Hi! I’m Molly Leighton, wife, toddler mom, and certified pediatric sleep coach. 

I solve sleep issues and deficiencies for children of all ages. I create customized sleep plans based on your child’s own set of unique developmental considerations and restore sleep to your entire family. I’ve adopted a science-based approach to my plans for customers to use foundational applications backed by leading research, underlying data indications, and multi-factorial experts in the academic community.

We recently asked you for your sleep questions and I’m excited to answer them for you!  

1. Why do kids toss and turn so much? 

Children (and adults!) are very active sleepers. First off, it’s important to recognize that every child is unique when it comes to sleep, and most kids will experience some difficulties with sleeping at some point during childhood. If you find that your toddler is tossing and turning constantly throughout the night, and this behavior continues night after night, here are some things to consider before seeking help.

Start to observe your child’s sleep hygiene. Sleep hygiene refers to the routines and practices around your child’s sleep: things like a consistent naptime/bedtime, a healthy and safe sleep environment, and a bedtime routine. Most often, sleep problems can be caused by an issue in their sleep hygiene, and placing a focus on improving sleep hygiene can help.

2. I’m curious about the incidence of sleep struggles in children with special needs. This customer wants to support her students who are blind and visually impaired. How can she explain the circadian rhythm and daylight/darkness increasing melatonin to parents of children who are blind/visually impaired to help them better understand.

Sleep in babies who are born with a visual impairment can be increasingly difficult. This is caused by the lack of circadian rhythms and the naturally occurring hormone Melatonin. Everyone has a circadian rhythm. It is the primary activity of the brain during the early development of children. Circadian rhythms, which are also known as the sleep-wake cycle, are regulated by light and dark. These rhythms take time to develop, resulting in the irregular sleep schedules of newborns.

The hormone Melatonin is high at night and low during the day. Its development is regulated by a rhythm-generating system, which is in turn regulated by light.  Children who have a visual impairment perceive light and dark differently. Melatonin rhythms are altered in a variety of circadian rhythm disorders.  Sleep is very important to everyone’s health. If you have a child with a visual impairment, you may need to adopt some different techniques or seek the advice of a medical professional.

3. Why do some children get night terrors? And is there anything you can do as a parent to help them so they don’t get them? (Prevent? Treat? Debrief?)

Night terrors can be scary! They can be caused by a number of factors, some of which are surprising! Night terrors can be caused by something your child watched or read. Try to monitor what shows your child is watching and avoid anything that you think is scary or that they seem to be scared of! Night terrors can also be caused by overheating, make sure your child is dressing appropriately for the temperature. We all sleep better in cooler temperatures so try to keep the temperature between 68-72 degrees Fahrenheit for sleep.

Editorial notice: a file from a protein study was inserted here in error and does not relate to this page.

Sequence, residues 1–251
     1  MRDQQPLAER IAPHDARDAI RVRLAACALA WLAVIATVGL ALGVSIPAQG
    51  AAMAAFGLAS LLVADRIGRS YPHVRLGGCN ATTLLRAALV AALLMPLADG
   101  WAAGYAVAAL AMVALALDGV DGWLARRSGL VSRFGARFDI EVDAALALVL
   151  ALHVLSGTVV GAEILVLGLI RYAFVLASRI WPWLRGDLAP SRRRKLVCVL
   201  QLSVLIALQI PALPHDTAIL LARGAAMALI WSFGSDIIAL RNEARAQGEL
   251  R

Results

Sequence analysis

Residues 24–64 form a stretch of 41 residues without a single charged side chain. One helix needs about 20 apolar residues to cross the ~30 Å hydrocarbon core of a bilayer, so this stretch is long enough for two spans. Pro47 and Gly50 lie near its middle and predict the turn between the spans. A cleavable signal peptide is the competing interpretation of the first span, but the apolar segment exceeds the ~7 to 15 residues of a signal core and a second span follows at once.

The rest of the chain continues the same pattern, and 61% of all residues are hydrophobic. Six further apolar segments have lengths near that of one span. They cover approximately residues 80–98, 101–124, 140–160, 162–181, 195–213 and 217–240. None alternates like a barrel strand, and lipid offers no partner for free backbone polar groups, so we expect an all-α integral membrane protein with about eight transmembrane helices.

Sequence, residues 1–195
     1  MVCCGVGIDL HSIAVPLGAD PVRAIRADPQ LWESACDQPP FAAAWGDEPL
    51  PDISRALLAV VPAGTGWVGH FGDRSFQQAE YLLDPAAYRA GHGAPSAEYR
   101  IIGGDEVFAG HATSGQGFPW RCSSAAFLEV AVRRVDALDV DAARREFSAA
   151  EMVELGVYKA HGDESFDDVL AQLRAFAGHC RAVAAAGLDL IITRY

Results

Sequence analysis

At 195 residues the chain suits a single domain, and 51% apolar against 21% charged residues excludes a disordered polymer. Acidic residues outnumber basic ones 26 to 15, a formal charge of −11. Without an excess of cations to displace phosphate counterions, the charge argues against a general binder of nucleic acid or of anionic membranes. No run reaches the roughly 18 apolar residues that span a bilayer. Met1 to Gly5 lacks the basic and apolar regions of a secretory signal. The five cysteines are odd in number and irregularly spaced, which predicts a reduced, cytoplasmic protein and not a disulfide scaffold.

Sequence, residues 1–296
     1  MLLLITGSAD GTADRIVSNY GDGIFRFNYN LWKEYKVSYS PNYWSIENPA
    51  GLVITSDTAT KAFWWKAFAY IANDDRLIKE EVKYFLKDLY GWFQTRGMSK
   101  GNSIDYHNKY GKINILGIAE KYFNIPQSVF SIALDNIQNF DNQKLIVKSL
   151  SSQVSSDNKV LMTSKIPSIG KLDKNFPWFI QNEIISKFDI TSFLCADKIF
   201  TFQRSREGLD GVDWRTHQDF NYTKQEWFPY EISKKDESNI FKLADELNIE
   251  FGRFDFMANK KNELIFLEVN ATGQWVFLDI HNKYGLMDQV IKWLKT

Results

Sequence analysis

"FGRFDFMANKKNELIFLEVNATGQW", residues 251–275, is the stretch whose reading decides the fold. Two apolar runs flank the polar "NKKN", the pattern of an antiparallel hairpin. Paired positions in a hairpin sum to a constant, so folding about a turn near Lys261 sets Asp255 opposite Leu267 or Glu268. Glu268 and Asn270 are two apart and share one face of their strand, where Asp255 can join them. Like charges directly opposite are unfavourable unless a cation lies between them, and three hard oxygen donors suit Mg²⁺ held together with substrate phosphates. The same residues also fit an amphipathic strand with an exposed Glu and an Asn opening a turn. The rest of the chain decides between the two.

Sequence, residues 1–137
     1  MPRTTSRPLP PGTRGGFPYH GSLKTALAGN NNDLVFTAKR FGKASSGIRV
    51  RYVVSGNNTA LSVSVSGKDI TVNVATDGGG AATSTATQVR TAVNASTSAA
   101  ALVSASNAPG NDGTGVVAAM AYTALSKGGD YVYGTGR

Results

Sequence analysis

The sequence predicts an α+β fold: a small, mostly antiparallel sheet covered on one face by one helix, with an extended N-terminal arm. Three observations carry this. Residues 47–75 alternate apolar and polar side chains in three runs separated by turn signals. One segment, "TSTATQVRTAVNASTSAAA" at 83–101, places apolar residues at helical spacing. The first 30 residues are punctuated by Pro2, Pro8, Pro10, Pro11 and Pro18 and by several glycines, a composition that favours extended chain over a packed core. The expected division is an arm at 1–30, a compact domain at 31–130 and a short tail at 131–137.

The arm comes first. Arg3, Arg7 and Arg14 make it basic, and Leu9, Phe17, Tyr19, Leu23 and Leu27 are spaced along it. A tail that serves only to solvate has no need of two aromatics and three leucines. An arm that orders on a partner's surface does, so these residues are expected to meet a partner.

If your child has night terrors, do not disrupt them or try to wake them up. You can lay next to them or hold them, but do not try to interfere. If your child does not remember or recall the incident the next day, then it was truly a night terror. If they ensue, seek out professional medical advice. 

4. Is there a trick to getting kids to sleep in longer?

If there was, I wouldn’t have a job! All jokes aside, I know we’d all love an extra 10, 15, 30 minutes in the morning, right? A wake-up time between 6-8 am is biologically normal and appropriate for children ages newborn – school age.  

If your child is an early riser, meaning they wake well before 6 am consistently, here are a few things you can try to troubleshoot! 

Is their room PITCH black? I mean cave-like. If not, invest in some good blackout shades. These are my two favorite blackout shade options, these are paper and can be cut, they’re great for travel. These are more secure and frame right to your window, no light will come through with these!

Take a look at your child’s overall schedule, consider capping their day sleep if they take mega naps, this can help reallocate sleep to overnight! 

5. How is melatonin safe to take as a supplement? Does it not affect the change in circadian rhythm?

Melatonin is a hormone that is naturally produced by the pineal gland in your brain. It is both a chronobiotic agent, meaning that it regulates your circadian or body clock; and a hypnotic, meaning that at higher doses it may induce sleep. Melatonin is usually used for its hypnotic effect, but it does not have this effect on everyone. Only the chronobiotic effect occurs in all individuals.

In regard to safety — unlike many other medications which cause you to fall asleep, you cannot overdose on it and it is not a drug. Melatonin is a natural sleep aid with many studies showing safety and efficacy, however, parents should always consult their pediatrician when using it.

Thanks to Molly and Restfully for teaming up with us. If you have additional questions, feel free to leave them in the comments!

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